Slipping Into Darkness 

Cautiously optimistic, Godard's Notre Musique shines its light into the night

Cautiously optimistic, Godard's Notre Musique shines its light into the night

Notre Musique

Dir. Jean-Luc Godard

NR, 79 min.

Opens Friday at the Belcourt

There's no living filmmaker who compares to Jean-Luc Godard—at least not one whose oracular bent is supported by his stature, and by the decades of association we have with his earlier work. But another name does spring to mind. The gnomic personal mythology, the restless need to reinvent himself, the work composed of snatches of remembered culture—does anyone else hear the music of Bob Dylan's second coming (or third, or fourth) in the wintry splendor of late-period Godard?

Having shaken off most anyone who would still holler for the early stuff—except for those fans who cling to him like barnacles through each new shift in identity—Dylan now makes art out of scraps: ancient bromides, old Tin Pan Alley standards, Delta blues, passages and titles of arcane books now fractured in memory. Ask him to tell you the future, and he opens up the Old Testament and the 1905 Farmer's Almanac. For Godard, the world is a bombed-out library, a cinematheque in ruins. In his career's waning light, he's made elegiac, magisterially broken movies from the shards that rain from the sky.

I won't belabor the comparison by calling Godard's Notre Musique his Time Out of Mind. But if ever a filmmaker conjured the benumbed calm of "walking through streets that are dead," Godard does in his 90th (!) film, a threnody for peace, cinema and the voices of the vanquished. Like his previous feature, In Praise of Love, it's a patchwork of film clips, literary allusions and historical citations, fastened by dialogue that sometimes suggests the output of a random aphorism generator. And yet the severity of In Praise of Love gives way to something like serenity—or the stillness after a cannon blast.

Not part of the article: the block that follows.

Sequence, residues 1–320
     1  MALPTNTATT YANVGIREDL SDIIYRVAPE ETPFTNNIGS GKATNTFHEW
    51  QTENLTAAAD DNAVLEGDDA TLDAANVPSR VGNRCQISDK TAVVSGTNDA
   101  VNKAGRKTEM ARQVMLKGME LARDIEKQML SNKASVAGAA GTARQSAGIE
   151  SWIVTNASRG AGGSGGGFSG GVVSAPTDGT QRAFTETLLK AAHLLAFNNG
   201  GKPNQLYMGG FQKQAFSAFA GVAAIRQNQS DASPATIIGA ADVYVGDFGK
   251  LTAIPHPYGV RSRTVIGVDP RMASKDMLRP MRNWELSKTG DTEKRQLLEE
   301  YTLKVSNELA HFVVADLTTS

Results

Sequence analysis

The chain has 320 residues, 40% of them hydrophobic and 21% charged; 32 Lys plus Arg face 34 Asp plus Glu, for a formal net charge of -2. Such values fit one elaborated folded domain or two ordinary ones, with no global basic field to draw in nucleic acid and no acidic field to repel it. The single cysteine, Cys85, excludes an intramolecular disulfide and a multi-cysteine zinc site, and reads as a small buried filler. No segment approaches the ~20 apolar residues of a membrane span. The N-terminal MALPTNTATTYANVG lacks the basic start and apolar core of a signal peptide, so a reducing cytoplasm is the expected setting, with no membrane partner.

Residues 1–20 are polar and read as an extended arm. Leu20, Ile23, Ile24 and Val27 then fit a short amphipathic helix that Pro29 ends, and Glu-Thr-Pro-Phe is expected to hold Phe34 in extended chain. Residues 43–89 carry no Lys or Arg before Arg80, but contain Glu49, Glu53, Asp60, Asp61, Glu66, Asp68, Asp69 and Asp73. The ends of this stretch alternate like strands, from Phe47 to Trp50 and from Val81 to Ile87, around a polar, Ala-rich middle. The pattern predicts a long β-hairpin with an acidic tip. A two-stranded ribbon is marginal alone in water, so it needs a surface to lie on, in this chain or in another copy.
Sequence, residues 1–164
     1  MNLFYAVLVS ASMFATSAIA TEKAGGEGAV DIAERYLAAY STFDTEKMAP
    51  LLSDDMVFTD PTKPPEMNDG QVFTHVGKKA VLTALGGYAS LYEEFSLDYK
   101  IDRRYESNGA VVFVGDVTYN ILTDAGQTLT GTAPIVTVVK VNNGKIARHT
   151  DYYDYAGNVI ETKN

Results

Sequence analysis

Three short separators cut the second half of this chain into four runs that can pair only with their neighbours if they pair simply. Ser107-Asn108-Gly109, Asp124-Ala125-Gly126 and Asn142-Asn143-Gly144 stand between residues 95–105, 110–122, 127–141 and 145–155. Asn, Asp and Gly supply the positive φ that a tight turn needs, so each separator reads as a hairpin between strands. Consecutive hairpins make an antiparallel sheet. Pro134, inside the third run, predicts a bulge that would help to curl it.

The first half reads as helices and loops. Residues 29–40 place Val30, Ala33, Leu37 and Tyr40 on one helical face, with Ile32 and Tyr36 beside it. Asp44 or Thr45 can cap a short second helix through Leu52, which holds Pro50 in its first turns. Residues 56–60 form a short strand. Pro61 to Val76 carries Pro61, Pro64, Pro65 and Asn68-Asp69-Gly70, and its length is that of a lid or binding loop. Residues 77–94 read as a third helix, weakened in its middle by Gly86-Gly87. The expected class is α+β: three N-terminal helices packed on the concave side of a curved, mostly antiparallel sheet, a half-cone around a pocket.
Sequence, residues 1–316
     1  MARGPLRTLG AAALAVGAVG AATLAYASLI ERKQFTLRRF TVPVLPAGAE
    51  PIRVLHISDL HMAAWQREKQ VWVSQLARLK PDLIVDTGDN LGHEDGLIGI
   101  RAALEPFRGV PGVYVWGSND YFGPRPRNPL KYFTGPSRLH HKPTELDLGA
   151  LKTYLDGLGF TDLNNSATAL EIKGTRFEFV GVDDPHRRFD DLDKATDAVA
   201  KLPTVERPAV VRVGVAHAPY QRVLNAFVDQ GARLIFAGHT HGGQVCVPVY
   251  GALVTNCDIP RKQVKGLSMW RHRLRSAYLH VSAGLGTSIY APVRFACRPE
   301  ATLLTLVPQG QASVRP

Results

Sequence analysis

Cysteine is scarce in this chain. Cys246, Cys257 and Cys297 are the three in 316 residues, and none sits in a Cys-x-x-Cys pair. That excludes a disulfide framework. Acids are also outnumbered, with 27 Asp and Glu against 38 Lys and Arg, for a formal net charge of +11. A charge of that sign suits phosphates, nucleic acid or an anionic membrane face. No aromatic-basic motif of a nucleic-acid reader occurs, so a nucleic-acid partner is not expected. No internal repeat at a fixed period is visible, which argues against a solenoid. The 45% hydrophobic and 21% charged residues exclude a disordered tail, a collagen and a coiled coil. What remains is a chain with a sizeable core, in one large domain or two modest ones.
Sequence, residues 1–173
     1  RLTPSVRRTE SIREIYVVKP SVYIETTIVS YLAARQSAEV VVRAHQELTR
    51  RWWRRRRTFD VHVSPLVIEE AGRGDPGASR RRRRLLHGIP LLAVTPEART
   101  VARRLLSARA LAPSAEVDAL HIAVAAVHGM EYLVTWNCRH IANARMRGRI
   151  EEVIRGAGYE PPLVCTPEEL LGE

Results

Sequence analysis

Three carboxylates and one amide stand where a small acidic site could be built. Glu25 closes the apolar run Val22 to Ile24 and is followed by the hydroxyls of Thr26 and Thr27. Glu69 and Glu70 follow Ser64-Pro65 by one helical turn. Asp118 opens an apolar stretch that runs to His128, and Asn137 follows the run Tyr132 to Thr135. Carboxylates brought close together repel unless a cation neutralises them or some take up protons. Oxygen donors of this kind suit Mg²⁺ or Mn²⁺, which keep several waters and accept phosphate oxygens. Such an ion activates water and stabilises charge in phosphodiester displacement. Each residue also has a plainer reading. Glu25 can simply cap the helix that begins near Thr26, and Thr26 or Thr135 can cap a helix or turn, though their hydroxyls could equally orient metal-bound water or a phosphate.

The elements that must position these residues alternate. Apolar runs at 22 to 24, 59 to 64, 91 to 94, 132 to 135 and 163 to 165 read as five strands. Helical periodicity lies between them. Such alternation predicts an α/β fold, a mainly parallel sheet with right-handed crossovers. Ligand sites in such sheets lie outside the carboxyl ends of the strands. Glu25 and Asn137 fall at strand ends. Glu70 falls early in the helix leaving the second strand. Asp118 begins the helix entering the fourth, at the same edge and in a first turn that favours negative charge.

Notre Musique is a kind of fugue on the theme of opposition: not just enmity, but the life-defining relationships between light and dark, reality and imagination, rubble and rebuilding. The film is divided into three segments, or "kingdoms." The first, "Hell," is a dialectical firefight between real slaughter and fake war drama that gives the writing and erasing of histories the force of tectonic upheaval. It acts as a prologue for the second section, "Purgatory," which convenes fictional characters and French and Palestinian authors playing themselves at a literary conference in ravaged Sarajevo. The city forms a way station of tentative reconciliation before the unearthly paradise of the sun-dappled final segment, "Heaven."

Stylistically as well as thematically, Notre Musique is a sustained movement from violence to calm. The editing rhythms in "Hell" recall the famous moment in Godard's My Life to Live that evokes machine-gun fire visually. It takes him roughly 10 minutes to encapsulate human warfare. An atrocity exhibition of 20th century horrors (death-camp footage, Middle East bombings) vies for posterity with clips from Zulu and Battleship Potemkin, histories officially endorsed by the winners. The effect, immediate as calamity, is of deepening darkness—the fog of war.